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Letter from Josiah Martin to William Legge, Earl of Dartmouth
Martin, Josiah, 1737-1786
January 12, 1776
Volume 10, Pages 406-409

[B. P. R. O. Am. & W. Ind.: No. Carolina. No. 222.]
Letter from Governor Martin to the Earl of Dartmouth.

No Carolina Scorpion Sloop of War
in Cape Fear River Janry 12th, 1776.

My Lord,

I have the honour to acknowledge the receipt of your Lordships Dispatches numbered 20, 21, & 22 together with a Copy of your Lordships letter to Major General Howe of the 22d of October delivered to me by Captain Furmeany of his Majesty's Ship Syren who arrived here on the third instant and proceeded on the Tenth to the Southward in execution of his Orders having been delayed here 'till then by contrary winds. Capt Furmeany took charge of your Lordship's Dispatches to his Majesty's Governors of the Southern Provinces that came enclosed to me, and those for Lord Dunmore Governor Eden and Governor Penn I had an opportunity of sending to Lord Dunmore by a Tender which sailed on Saturday last.

The measure of sending a body of his Majesty's Forces to the Succor of the friends of Government here and in the other Southern Provinces I trust will be attended with all the success and good consequences that his Majesty has been taught to expect from it and I can only lament that it has not been tried earlier before the King's loyal subjects had received the checks and discouragements they have met with and the Power of Rebellion had become so established and formidable.

My Latest information from the interior parts of the Province whence I have always represented to your Lordship that I expected to draw my principal support corresponds with my warmest wishes. The people called Regulators (for whom I hoped before this time to have received his Majesty's Pardon) to the number of between two and three thousand men have given me the strongest assurances of their joining the King's standard whenever they shall be called upon although not half of them are provided with arms and I have no doubt that much greater numbers will be found to resort to it besides the Scotch Emigrants. The Progress of Rebellion here, the concurring good dispositions of a body of the people of the County of Brunswick in this neighbourhood with the friends of Government

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in the back Country and the notable exertions of the King's loyal subjects at the same time in the upper parts of South Carolina had determined me before the receipt of your Lordship's late dispatches to avail myself immediately of the strength of his Majesty's faithfull subjects in this Province such as it might be rather than hazard their total subjection to the power of Rebellion by waiting for succour of which I saw no prospects and I had taken measures accordingly, but since I am informed by your Lordship of his Majesty's design to send a general Officer here with a body of regular Troops and that they may be expected in a short time I shall confine my views to the making every possible preparation in my power to favour and forward the General's plan of Operations, seeing it highly improper for me to hazard any check or contretems by drawing together the King's loyal subjects prematurely and taking the field with them unprovided of almost every necessary for carrying on War while I have the assurance and so near a prospect of support that will certainly render their exertions effectual.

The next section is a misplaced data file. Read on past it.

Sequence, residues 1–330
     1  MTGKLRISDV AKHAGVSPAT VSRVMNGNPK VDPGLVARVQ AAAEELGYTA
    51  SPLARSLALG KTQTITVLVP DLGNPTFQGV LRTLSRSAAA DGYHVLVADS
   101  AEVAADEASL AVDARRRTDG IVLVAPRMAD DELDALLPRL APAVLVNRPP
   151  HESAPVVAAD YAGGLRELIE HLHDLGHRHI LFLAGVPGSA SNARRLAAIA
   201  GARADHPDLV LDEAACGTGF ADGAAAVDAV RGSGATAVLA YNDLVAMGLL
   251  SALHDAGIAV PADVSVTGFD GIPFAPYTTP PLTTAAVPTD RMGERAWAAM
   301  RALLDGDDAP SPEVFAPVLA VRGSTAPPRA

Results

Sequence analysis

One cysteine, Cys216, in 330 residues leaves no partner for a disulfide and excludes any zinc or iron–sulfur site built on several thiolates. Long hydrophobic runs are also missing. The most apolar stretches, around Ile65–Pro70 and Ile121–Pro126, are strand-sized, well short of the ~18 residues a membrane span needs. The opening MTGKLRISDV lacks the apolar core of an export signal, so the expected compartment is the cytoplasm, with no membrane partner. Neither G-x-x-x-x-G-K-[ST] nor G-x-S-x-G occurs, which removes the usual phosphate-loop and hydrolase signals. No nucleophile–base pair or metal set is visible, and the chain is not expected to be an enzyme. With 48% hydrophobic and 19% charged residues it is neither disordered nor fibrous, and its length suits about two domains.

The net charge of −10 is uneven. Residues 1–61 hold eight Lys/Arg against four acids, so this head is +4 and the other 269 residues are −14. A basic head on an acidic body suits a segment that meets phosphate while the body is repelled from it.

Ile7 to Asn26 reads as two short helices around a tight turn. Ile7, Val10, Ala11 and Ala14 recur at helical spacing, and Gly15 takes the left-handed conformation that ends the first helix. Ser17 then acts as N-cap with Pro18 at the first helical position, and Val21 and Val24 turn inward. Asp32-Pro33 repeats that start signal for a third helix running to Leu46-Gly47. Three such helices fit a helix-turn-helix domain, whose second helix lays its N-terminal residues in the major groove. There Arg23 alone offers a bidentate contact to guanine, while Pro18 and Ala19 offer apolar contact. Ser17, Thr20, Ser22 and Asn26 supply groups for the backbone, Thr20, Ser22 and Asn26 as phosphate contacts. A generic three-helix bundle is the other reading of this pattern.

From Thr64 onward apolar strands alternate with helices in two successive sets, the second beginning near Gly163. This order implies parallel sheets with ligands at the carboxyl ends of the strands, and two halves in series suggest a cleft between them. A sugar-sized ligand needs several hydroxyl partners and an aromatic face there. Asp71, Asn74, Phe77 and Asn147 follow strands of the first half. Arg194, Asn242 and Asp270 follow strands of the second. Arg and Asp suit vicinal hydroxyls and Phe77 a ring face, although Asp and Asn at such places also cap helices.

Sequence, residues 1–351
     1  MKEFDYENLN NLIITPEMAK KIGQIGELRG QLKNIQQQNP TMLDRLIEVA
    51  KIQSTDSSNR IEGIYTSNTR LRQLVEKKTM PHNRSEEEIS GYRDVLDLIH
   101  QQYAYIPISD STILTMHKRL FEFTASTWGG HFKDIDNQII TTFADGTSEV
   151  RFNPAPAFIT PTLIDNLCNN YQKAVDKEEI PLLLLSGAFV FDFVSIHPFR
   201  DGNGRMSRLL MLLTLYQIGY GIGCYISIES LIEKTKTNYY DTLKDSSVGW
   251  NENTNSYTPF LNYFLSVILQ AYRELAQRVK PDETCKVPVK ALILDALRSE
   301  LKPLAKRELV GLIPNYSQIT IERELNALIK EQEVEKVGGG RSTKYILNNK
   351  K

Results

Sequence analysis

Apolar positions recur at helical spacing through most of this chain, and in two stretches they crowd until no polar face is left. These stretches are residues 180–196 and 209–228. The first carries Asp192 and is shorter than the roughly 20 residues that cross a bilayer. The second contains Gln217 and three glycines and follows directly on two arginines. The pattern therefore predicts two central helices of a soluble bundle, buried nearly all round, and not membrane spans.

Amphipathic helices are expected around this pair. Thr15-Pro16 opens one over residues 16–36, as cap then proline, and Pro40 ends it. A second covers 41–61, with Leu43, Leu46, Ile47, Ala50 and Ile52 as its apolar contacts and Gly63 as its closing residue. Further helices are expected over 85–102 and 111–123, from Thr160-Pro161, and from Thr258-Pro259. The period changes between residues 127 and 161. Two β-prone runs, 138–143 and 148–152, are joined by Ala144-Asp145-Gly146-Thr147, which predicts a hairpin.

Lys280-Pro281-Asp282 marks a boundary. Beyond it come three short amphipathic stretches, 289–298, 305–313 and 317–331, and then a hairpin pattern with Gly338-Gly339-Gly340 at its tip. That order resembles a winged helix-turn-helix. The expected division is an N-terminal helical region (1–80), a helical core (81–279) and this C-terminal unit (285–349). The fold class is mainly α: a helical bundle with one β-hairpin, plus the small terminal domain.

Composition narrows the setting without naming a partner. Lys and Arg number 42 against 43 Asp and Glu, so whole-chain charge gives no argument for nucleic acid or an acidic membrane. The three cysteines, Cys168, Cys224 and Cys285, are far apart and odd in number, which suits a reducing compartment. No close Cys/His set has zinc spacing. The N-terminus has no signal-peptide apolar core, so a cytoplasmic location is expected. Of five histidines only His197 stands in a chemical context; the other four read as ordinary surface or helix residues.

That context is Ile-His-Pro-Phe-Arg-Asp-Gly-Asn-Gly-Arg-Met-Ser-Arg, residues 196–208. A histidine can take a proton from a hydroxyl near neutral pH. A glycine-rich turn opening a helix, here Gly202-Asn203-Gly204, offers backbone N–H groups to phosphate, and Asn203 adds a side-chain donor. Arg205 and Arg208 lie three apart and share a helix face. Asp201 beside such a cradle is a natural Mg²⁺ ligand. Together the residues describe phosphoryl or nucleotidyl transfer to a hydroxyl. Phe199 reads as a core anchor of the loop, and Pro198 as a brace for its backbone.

The Scorpion Sloop of war on board which I had taken up my residence on her arrival here to relieve the Cruizer being ordered by Captain Thornborough Commr of his Majesty's Ships in South Carolina to join him immediately under apprehensions of being attacked by vessels the Rebels were fitted out at Charles Town against him, I found it expedient while I could effect nothing here to go there in her not only that Captain Thornborough should have the succour of the ship in his Emergency but that I might remonstrate her detention from her station here beyond absolute necessity while there was so great occasion for her in that Province, and have opportunity at the same time to inform myself of the measures of his Majesty's service that Lord William Campbell had most pressingly invited me to consult with him upon by a letter I had received from him some time before. On my arrival at Charles Town I found Capt Thornborough had ordered the Scorpion there at the instance of Lord William Campbell more than from any apprehensions he himself entertained of the naval force of the Rebels and on my representations he ordered her back to her station here but contrary winds detained us there so long and our voyage from thence was so tedious that at my return to this Place I had been a whole month absent, during which I suffered a degree of anxiety and sollicitude that it is impossible for me to describe to your Lordship. Happily however nothing had occurred here during